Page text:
The Guittard chocolate company enjoys a reputation in the United States that it does not have in France. The company’s founder Etienne Guittard hailed from the Burgundy region and brought his recipes over in 1868. Based in California for five generations, this family business provides chocolate to the greatest American pastry chefs.
In the middle of the 19 th Century, Etienne Guittard left his home town of Tournus in Burgundy, to try his luck in California. The West Coast was at the time experiencing a gold rush. The Frenchman had brought chocolate with him, hoping to trade it for mining supplies. The French sweets were so popular among gold miners that Etienne Guittard gave up his claim and returned to France to train with his uncle, a chocolatier in Paris. In 1868, Etienne Guittard was back in San Francisco, where he opened the Guittard Chocolate Company on Sansome Street, by the waterfront.
The chocolate factory eventually moved south of San Francisco, to Burlingame. Today, Etienne Guittard’s great-grandson, Gary, is at the head of a 210-employee company. The cocoa beans, which are bought in Latin America, South-East Asia and the South Pacific, are first roasted and ground. Depending on the recipe, cane sugar, milk or vanilla are also added to the mix. The next step is conching, where the chocolate mixture is mixed at 176°F, then tempered at 90°F, which gives it its smooth and shiny texture. Last, the chocolate is molded into bars, wafers or chips.
“We’ve updated our cocoa bean roaster, our conche and chocolate enrober machines,” explains Gary Guittard, “But our mixer and our recipes haven’t changed since 1868.” In 2007, when industrial chocolate makers decided to replace cocoa butter with cheaper vegetable oil, Gary Guittard sent a petition to the F.D.A. The Californian chocolate maker “has a very good reputation in the industry because of his ethics,” observes Estelle Tracy, a French expat who writes about artisan chocolate in the United States.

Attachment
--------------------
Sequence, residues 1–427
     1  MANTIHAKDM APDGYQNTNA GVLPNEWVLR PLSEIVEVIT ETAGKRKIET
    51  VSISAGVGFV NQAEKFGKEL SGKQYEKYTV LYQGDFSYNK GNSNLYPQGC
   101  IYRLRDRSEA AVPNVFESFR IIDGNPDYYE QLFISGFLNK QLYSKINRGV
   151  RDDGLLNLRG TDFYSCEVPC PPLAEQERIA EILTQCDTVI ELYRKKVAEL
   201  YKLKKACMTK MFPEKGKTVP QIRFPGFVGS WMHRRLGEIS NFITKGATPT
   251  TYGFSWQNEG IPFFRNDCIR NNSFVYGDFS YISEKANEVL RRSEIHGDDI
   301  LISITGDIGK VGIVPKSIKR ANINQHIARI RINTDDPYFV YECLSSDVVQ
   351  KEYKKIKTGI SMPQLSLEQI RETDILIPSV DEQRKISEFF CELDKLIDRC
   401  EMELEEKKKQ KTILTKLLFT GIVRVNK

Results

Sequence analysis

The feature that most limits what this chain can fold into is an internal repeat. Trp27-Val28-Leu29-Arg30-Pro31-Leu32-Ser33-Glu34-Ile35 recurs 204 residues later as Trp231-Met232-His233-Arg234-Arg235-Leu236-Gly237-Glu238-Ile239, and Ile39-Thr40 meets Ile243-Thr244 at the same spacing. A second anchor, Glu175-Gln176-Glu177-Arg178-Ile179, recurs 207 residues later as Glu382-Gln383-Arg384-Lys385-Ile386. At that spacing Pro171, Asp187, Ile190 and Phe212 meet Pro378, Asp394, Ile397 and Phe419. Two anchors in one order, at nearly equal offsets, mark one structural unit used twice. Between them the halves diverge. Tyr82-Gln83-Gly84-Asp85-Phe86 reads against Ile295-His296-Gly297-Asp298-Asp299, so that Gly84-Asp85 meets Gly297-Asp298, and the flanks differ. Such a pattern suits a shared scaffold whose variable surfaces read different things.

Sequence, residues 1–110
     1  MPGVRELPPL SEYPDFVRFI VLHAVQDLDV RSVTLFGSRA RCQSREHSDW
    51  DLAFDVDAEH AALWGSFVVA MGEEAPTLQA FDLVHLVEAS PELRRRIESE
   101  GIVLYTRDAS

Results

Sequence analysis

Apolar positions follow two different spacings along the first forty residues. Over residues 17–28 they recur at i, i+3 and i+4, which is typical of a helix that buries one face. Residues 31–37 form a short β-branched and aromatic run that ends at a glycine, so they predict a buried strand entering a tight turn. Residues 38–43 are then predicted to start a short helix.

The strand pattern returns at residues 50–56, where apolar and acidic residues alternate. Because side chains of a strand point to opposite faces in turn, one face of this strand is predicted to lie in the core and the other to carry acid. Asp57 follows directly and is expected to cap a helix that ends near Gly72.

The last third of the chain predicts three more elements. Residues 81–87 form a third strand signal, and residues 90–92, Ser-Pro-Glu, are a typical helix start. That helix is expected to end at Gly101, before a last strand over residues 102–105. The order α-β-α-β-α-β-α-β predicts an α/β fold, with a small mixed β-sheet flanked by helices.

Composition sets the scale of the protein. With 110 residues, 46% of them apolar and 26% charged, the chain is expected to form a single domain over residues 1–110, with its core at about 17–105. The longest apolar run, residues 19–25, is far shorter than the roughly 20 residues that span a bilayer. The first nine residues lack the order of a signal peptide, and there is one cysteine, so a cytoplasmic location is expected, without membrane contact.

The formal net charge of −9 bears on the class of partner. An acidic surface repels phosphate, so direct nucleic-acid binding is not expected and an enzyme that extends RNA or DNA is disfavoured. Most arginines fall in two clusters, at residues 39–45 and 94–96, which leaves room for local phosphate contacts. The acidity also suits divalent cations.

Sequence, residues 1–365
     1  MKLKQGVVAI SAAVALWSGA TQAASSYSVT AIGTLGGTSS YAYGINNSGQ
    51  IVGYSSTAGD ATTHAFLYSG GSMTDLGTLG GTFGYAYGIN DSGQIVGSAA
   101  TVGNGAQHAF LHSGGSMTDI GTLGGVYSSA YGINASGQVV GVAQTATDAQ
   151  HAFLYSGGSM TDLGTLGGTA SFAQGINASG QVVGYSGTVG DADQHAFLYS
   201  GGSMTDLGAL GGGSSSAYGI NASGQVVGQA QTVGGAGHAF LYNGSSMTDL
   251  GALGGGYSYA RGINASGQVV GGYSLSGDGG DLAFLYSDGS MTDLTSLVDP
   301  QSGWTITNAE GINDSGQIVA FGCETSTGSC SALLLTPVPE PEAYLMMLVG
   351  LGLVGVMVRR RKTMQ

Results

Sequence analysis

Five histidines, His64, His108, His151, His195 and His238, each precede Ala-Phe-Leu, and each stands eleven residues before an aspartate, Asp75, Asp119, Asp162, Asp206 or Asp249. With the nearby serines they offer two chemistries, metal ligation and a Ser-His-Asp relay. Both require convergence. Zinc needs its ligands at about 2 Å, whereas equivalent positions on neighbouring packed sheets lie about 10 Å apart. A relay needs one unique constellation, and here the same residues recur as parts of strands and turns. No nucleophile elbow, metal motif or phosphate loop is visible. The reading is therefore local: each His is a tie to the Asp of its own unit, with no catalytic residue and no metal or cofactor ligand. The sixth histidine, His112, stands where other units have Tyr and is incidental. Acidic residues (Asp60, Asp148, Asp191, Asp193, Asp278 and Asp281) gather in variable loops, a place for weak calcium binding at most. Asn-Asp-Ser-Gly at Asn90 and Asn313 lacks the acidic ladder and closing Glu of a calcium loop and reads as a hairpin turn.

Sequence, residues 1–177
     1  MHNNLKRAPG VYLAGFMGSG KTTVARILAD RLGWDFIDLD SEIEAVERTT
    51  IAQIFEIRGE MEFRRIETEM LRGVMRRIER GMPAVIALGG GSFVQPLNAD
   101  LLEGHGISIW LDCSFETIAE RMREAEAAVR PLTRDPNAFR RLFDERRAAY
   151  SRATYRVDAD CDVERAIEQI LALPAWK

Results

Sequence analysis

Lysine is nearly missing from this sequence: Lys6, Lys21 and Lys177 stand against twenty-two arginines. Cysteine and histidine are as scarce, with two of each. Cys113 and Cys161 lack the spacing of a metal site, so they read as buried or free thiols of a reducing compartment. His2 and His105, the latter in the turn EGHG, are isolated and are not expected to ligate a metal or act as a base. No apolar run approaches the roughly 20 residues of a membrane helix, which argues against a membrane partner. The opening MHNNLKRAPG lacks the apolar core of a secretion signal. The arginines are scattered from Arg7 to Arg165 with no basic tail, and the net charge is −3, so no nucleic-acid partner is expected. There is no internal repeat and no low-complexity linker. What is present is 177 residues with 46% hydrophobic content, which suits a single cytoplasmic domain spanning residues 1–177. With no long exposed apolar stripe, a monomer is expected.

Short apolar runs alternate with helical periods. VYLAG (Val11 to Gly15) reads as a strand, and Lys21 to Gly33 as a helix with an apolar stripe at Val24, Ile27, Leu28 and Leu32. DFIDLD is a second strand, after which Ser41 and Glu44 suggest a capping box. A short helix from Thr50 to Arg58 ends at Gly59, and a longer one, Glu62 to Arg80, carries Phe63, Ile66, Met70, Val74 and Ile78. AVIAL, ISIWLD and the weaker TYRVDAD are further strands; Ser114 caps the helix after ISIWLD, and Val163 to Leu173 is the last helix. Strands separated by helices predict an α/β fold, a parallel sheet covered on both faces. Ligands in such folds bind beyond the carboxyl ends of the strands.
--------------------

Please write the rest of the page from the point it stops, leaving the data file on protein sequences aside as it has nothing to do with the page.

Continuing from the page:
A clientele of professionals
85% of Guittard’s clients are food industry professionals, 15% are pastry chefs. Chef Donald Wressel, who trained under French chef Jean-Louis Palladin in Washington D.C., helps promoting Guittard products to chocolate professionals. Chocolate bars, baking wafers and baking chips are delivered to groups like Baskin-Robbins and Shake Shack, to retailers like Williams-Sonoma and See’s, and to chefs like Thomas Keller, François Payard and Jacques Torres. “European chefs work with us because our chocolate is similar to what they can find in Europe,” explains Gary Guittard. “The physical properties of chocolate — like thickness or its melting capacity — are important.”
To diversify its clientele, Guittard recently developed a variety of chocolate bars for amateur bakers. Called Collection Etienne, the range includes milk chocolate with hints of apple and caramel (“Soleil d’Automne”), bittersweet chocolate from Latin America (“Quetzalcoatl”), and extra-dark hazelnut chocolate (“Nocturne”). A vendor at the Salon du Chocolat in Paris since 2014, the Guittard family is now eyeing the European market. “Our access to Asian and Latin American cocoa and our network of European pastry chefs are advantages for our business,” concludes Gary Guittard. “Our aim is to become the go-to chocolate makers for professionals.”